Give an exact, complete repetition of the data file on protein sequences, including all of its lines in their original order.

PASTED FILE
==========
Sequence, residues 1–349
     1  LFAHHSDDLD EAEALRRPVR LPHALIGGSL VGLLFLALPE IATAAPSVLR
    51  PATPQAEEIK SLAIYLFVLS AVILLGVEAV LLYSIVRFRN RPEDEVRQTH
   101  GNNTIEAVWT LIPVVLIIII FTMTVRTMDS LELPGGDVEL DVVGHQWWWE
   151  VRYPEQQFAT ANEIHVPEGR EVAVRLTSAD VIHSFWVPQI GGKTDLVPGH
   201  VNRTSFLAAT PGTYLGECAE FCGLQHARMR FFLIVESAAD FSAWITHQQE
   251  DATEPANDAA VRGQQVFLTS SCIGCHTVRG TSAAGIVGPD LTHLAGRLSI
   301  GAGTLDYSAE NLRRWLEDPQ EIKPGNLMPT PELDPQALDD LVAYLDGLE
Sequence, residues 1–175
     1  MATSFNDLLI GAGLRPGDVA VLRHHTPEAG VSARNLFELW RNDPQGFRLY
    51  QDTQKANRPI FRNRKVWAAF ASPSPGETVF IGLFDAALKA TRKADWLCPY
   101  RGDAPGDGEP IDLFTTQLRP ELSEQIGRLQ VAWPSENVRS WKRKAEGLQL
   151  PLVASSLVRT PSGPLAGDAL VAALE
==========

Sequence, residues 1–349
     1  LFAHHSDDLD EAEALRRPVR LPHALIGGSL VGLLFLALPE IATAAPSVLR
    51  PATPQAEEIK SLAIYLFVLS AVILLGVEAV LLYSIVRFRN RPEDEVRQTH
   101  GNNTIEAVWT LIPVVLIIII FTMTVRTMDS LELPGGDVEL DVVGHQWWWE
   151  VRYPEQQFAT ANEIHVPEGR EVAVRLTSAD VIHSFWVPQI GGKTDLVPGH
   201  VNRTSFLAAT PGTYLGECAE FCGLQHARMR FFLIVESAAD FSAWITHQQE
   251  DATEPANDAA VRGQQVFLTS SCIGCHTVRG TSAAGIVGPD LTHLAGRLSI
   301  GAGTLDYSAE NLRRWLEDPQ EIKPGNLMPT PELDPQALDD LVAYLDGLE
Sequence, residues 1–175
     1  MATSFNDLLI GAGLRPGDVA VLRHHTPEAG VSARNLFELW RNDPQGFRLY
    51  QDTQKANRPI FRNRKVWAAF ASPSPGETVF IGLFDAALKA TRKADWLCPY
   101  RGDAPGDGEP IDLFTTQLRP ELSEQIGRLQ VAWPSENVRS WKRKAEGLQL
   151  PLVASSLVRT PSGPLAGDAL VAALE